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  • The Crisis of Knowledge in Islam (I):The Case of Al-'ĀMirī
  • Paul L. Heck

Skepticism as doubts about religious knowledge played a significant role in the intellectual reflection of the fourth and fifth Islamic centuries (tenth and eleventh centuries c.e.), a period of considerable plurality within Islam on many levels. Such skepticism was directed at revealed knowledge that spelled out the customs and norms (i.e., laws) particular to the Islamic way of life (religio-moral knowledge). Doubts were pushed by (1) theologians who, themselves caught within a web of "parity of evidence" between the various schools of Islam, saw little hope of verifying the superiority of Muslim ways over those of other communities, and (2) Muslim intellectuals who viewed the particular religio-moral practices of Islam as shamefully atavistic and primitive, seeking instead to table "visible" religion for an esoterically conceived one. Against such detractors, a significant scholar of the period, Abū l-Hasan al-'Āmirī (d. 381/992), constructed a philosophical (and therefore theologically "neutral") defense of exoteric Islam, arguing in Aristotelian terms for (1) the superiority of religio-moral knowledge (the particular) over philosophical knowledge (the universal) in light of the greater benefit of the former to the welfare of society and (2) the superiority of Islamic religio-moral knowledge, since, he claims, it squares with logic more than any other communal way of life. The argument, one of many seeking to come to terms with the intellectual vagaries of the day, demonstrates how skepticism pushed scholars to explore more profoundly the nature of religion. In al-'Āmirī's case, his argument, metaphysically based with mystical inclinations, set the stage for later articulations of Islamic religiosity that integrated the human mind into the arena of Islam's revealed way of life.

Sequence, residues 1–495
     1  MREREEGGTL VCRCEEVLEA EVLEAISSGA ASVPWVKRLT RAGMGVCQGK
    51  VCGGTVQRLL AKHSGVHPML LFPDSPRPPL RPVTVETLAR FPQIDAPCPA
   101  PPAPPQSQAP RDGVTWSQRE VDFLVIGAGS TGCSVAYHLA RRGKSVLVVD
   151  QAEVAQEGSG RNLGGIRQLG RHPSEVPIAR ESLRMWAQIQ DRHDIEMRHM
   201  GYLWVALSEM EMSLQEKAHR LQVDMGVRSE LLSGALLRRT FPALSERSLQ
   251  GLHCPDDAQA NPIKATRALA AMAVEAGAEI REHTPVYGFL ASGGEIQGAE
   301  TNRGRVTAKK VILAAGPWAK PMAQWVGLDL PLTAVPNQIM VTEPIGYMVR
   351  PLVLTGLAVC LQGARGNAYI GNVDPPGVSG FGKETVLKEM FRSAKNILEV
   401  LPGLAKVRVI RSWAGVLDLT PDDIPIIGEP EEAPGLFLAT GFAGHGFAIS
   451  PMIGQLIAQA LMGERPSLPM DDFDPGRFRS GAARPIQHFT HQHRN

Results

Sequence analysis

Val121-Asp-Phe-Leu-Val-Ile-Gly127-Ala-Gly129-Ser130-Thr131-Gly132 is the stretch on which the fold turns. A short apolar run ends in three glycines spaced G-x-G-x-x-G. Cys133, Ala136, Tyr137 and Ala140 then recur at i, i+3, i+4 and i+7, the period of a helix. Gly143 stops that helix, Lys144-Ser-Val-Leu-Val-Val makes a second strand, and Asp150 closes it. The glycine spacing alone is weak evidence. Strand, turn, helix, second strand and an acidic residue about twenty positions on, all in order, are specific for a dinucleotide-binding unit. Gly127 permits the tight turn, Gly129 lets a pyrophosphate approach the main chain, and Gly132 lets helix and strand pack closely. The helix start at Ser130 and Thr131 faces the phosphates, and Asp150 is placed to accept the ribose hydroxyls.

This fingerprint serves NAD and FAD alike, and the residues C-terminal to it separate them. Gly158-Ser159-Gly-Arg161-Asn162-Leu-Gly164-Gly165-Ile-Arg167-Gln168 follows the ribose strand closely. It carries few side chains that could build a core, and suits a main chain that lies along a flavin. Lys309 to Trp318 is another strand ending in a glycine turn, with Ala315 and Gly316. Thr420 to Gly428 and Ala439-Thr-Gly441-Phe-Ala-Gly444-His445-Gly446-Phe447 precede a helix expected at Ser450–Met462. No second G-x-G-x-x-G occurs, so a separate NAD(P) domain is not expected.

Skepticism as doubts about true knowledge is a universal phenomenon shaped by the intellectual concerns and social configurations of the local context. Doubts, also at play in Islam, became a marked concern in the fourth and fifth Islamic centuries (tenth and eleventh centuries C.E.).1 There were many reasons for this. The translation of corpuses of non-revealed knowledge beginning in the second AH/eighth CE century at the latest, particularly of Greco-Hellenistic philosophy, announced epistemological plurality. The regional diversification within the abode of Islam, where caliph existed alongside and in competition with political and military commanders without a claim to prophetic succession, established a plurality of authority. Confessional sectarianism, the tangible counterpart to theological disputation, pointed to the religious plurality within Islam, not to mention the existence of other religious communities to be found within the domain of Islam, such as Jews and Christians. With the rise of a cosmopolitan Islam, and an awareness of the far reaches of the globe to which Muslim travelers, traders, and emissaries ventured, there was, finally, an appreciation of a socio-ethnic plurality, that is, different peoples with different customs and laws that were more or less effective in maintaining social well-being even if not divine in origin.

This article treats one response, made by a Muslim philosopher of the fourth/ tenth century, to the crisis of knowledge engendered by this far-reaching diversity. Subsequent articles, to appear elsewhere, will take up three other responses, an overview of a period that struggled to come to terms with defensible Islamic knowledge. Certainly, every age is faced with its own crisis of knowledge, and it would be stretching things to claim that only two centuries of Islam were beset with the question of knowledge apart from other periods. Rather, in contrast to works that show the consolidation and even triumph of knowledge in Islam, our goal is to treat a more neglected but arguably equally important aspect of religious history, the challenge of doubts, by focusing on a particular period in which they were embarrassingly apparent (a similar project could be undertaken in the case of contemporary Islam). Here, we shall consider the work of Abū l-Ḥasan al-'Ā mirī (d. 381/992), with a focus on his two major works, The Scope of Eternity and The Announcement of the Virtues of Islam. His response was not aimed at dogmatic skepticism, that is, doubts about...


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pp. 106-135
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